Periodic Reporting for period 3 - Clock Mechanics (Mechanosensation and the circadian clock: a reciprocal analysis)
Reporting period: 2018-09-01 to 2020-02-29
The key molecular players that help maintain circadian rhythmicity are well documented, therefore we tested for their expression in tissues important for mechanosensation – one major model organ of mechanosensation in Drosophila is Johnston’s organ (JO), a multi-cellular chordotonal organ (ChO). Chordotonal neurons are stretch-receptors, which serve both as exteroceptors (sensing external vibrations) and as proprioceptors (sensing the animals’ own movements); most notably, however, ChOs have been implicated in both mechanosensory and thermosensory entrainment of the fly’s circadian clock. We dissected JO tissue at different time points across a day and quantified expression of core clock genes. We compared clock gene expression levels between time points in JO and a control tissue, the fly’s head (as the site of the ‘central clock’). Rhythmic oscillations of core clock genes were found in JO; oscillations in JO were in phase with oscillations in the fly’s head.
One significant question in circadian biology is how multiple entrainment stimuli are being processed when presented in conflict. When light and temperature oscillate in phase we observed seemingly ‘normal’ activity patterns; when light and temperature were opposing each other, with an ‘unnatural’ 180 phase difference in between the two of them, light dominated the entrainment, that means the temperature stimulus was basically neglected. However, when the phase of these two conditions was offset by a smaller margin, of only a few hours, then temperature became a much more prominent entrainment stimulus, at intermediate phase differences of 5-7 hours, finally, behavioural coherence, and circadian entrainment, broke down: a unique, aberrant locomotor activity pattern was observed and molecular oscillations of core clock collapsed (Harper et al. 2016).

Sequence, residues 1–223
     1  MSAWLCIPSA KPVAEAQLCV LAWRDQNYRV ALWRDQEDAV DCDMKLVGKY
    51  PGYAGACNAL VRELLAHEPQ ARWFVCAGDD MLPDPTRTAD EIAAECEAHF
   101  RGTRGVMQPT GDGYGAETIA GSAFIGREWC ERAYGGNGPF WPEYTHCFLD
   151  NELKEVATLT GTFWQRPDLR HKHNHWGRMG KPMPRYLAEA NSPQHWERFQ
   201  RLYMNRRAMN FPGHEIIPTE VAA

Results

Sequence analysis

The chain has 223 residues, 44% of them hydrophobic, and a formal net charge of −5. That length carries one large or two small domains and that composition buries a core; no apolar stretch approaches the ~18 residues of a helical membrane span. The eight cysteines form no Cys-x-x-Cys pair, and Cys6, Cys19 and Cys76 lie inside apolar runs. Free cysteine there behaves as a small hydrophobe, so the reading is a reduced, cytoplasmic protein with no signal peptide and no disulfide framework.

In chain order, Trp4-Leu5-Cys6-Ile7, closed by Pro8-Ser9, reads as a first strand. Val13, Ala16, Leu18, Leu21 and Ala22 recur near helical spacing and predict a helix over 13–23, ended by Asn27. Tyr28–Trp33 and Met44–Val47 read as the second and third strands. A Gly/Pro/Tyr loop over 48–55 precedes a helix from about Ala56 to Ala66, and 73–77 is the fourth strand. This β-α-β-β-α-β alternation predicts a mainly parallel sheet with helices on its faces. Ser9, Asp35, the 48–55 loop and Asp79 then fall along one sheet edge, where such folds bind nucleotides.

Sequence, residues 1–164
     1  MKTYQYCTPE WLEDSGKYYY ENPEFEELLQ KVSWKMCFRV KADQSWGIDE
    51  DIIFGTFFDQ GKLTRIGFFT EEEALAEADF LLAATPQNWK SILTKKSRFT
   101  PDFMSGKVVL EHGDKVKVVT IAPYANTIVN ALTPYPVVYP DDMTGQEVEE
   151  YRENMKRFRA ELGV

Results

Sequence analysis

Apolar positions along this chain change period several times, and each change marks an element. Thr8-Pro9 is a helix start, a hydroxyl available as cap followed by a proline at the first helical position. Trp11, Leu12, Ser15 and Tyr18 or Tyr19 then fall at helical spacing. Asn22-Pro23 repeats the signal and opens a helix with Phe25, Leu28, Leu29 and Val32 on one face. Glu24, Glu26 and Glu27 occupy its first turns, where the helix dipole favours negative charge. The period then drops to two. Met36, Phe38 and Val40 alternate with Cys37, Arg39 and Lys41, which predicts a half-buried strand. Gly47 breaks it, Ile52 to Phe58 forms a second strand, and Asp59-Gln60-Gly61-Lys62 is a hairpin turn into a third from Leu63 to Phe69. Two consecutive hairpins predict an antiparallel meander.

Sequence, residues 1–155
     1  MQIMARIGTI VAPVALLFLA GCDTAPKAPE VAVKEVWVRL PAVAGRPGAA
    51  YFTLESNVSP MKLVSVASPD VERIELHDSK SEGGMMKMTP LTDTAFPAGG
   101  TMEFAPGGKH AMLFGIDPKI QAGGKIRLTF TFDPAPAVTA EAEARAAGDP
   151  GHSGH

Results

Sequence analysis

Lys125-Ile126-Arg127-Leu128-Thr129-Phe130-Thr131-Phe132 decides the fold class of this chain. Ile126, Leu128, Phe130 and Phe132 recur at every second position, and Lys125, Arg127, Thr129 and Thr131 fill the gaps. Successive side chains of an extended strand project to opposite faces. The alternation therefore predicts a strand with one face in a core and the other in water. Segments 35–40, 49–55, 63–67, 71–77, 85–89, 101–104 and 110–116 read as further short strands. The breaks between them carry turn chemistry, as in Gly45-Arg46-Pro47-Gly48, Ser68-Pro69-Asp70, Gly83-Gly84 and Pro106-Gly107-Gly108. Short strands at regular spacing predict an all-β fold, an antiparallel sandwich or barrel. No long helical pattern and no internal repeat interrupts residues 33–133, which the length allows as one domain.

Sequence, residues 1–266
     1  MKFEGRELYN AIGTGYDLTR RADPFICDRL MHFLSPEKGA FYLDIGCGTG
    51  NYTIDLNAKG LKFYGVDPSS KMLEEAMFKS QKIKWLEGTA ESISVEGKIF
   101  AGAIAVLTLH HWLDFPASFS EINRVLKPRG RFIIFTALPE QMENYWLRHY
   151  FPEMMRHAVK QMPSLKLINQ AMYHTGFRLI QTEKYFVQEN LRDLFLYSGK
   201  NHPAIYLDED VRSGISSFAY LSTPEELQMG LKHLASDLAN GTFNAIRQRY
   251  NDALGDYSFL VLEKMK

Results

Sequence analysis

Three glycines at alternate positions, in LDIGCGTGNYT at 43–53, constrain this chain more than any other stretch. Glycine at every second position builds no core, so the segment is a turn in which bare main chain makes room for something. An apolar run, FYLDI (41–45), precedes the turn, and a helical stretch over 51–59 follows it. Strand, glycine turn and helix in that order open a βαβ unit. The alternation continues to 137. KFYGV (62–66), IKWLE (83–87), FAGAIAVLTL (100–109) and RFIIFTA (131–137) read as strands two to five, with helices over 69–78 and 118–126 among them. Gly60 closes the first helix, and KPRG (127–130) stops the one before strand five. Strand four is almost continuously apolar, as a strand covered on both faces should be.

This is clear evidence that these sensory inputs are weighted and integrated to elicit the appropriate behavioural (and molecular) responses. Overall it alludes to a complexity that may not be fully untangled by conventional experiments.
In order to extend work on circadian modulations of mechanosensory behaviour, we investigated a behaviour that has both a clear circadian and mechanosensory component i.e. acoustic communication in mating swarms of Anopheline (‘malaria’) mosquitoes. Mating swarms occur at dusk (circadian) and involve a large number of male mosquitoes that must identify a female entering the swarm by their flight tones (mechanosensory). Furthermore, this behaviour encompasses all facets of this project as a gradual light transition period seems to be important for robust behaviour (sensory integration). We expect that by providing tools and data that makes mosquitoes available as circadian research models, this project will leave a lasting legacy.